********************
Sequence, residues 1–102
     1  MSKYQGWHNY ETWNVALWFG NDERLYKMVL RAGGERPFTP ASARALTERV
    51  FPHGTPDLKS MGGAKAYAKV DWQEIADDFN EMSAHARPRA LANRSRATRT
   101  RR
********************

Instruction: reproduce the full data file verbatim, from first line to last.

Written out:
Sequence, residues 1–102
     1  MSKYQGWHNY ETWNVALWFG NDERLYKMVL RAGGERPFTP ASARALTERV
    51  FPHGTPDLKS MGGAKAYAKV DWQEIADDFN EMSAHARPRA LANRSRATRT
   101  RR